U.S. President Barack Obama speaks about the recent Iran nuclear deal at the White House in Washington on July 15. (Yuri Gripas/Reuters)

Pundits are saying that President Obama’s Iran deal stirs deja vu of President Clinton’s 1994 North Korean nuclear deal [“A landmark nuclear pact with Iran,” front page, July 15]. I humbly disagree. President Clinton made his decision based on a strategic foreign policy analysis, top-secret intelligence and a desire to save the people of North Korea from starvation induced by its leadership.

It turned out that the strategic foreign policy analysis was wrong. If Mr. Clinton had known about the major intelligence failure, he would have made a different decision. Mr. Obama made his decision on the Iran nuclear deal aware that the strategic foreign policy analysis, the national intelligence information and intelligence from U.S. allies in the region predict a worse outcome than in North Korea — and Iran will have access to billions of dollars.

This deal will wreak havoc in the Middle East, which is already a disastrous environment. Iran is a major player in the destabilization of the region. Why would Mr. Obama go ahead with such a deal with Iran? It is definitely not because Mr. Obama is not smart enough, because he is. He must believe that what he is doing is right. Still, I am convinced that my good friend Henry Kissinger was correct when he said, “America’s enemies should fear America, but America’s friends should fear America more.”

People in my region now are relying on God’s will and consolidating their local capabilities and analyses with everyone except our oldest and most powerful ally.

Bandar Bin Sultan Bin Abdulaziz Al-Saud, Riyadh, Saudi Arabia

The writer was Saudi Arabia’s ambassador to the United States from 1981 to 2005.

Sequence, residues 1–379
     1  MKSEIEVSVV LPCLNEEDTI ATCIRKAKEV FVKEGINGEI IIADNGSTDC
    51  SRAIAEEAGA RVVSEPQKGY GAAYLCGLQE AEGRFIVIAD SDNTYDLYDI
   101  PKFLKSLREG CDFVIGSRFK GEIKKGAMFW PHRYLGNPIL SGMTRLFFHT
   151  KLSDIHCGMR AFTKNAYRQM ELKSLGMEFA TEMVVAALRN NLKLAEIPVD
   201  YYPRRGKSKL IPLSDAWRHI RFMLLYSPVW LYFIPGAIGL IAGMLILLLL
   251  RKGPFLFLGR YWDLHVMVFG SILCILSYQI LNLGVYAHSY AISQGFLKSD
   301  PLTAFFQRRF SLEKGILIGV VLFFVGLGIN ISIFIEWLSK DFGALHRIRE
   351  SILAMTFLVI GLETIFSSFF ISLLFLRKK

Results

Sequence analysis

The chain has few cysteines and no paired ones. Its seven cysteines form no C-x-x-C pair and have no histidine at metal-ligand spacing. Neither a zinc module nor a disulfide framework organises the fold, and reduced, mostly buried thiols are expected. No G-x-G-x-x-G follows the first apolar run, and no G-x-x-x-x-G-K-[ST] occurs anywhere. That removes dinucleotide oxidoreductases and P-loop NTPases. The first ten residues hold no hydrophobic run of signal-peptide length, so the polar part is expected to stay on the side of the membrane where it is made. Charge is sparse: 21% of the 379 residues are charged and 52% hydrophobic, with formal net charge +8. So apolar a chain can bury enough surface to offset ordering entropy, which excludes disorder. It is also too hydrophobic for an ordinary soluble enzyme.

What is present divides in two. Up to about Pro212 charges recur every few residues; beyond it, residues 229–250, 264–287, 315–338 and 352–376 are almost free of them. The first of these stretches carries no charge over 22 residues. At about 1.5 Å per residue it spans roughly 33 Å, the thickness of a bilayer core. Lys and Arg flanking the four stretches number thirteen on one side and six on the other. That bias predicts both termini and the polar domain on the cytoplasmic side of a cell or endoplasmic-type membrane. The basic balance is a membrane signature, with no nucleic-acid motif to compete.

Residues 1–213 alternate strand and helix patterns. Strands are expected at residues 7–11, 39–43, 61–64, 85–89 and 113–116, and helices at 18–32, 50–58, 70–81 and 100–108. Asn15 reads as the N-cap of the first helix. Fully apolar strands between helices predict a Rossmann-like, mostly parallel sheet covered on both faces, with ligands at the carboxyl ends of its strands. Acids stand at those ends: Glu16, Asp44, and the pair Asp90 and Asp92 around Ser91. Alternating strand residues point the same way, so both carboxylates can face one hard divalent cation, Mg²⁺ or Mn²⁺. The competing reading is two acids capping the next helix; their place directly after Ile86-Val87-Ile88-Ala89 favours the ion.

The July 15 editorial “The Iran deal emerges” stated that Iran needs to undergo a behavioral makeover, but it left out a chunk of history at the crux of the distrust between Iran and the United States. This distrust did not begin with Iran’s behavior but rather with U.S. actions.

The United States helped overthrow the democratically elected government of prime minister Mohammed Mossadegh in 1953. The United States supported Saddam Hussein during the war against Iran that lasted nearly a decade and killed nearly 1 million soldiers and civilians. It is the height of arrogance to assume that the United States should be the one that is suspicious of Iran’s intentions.

One-sided behavior transformation is not a good starting point for a negotiation. I applaud the courage and statesmanship of President Obama and Secretary of State John F. Kerry for making the world safer for everyone.

Andy Shallal, Washington

Iranian President Hassan Rouhani proclaimed that the nuclear agreement was sealed on the 27th day of the holy month of Ramadan. Ironically, it also was Bastille Day, which may well be the more noteworthy date.

Now, as then, there is much exhilaration in some quarters. This pact is surely a game-changer of historic proportions, but the chances seem high that this monumental gamble will lead to many grim consequences, as did its predecessor 226 years ago.

Theodore L. Einstein, Silver Spring

A story from my early days at the U.S. Agency for International Development:

The year was 1967. Iran was then a major recipient of U.S. development assistance. A colleague had negotiated a large road project with Iran and was invited to attend the signing ceremony in Tehran. Afterward, his counterpart shook hands and told him: “We have a saying in our country: The signing of the contract is the beginning of negotiations.”

Judd L. Kessler, Bethesda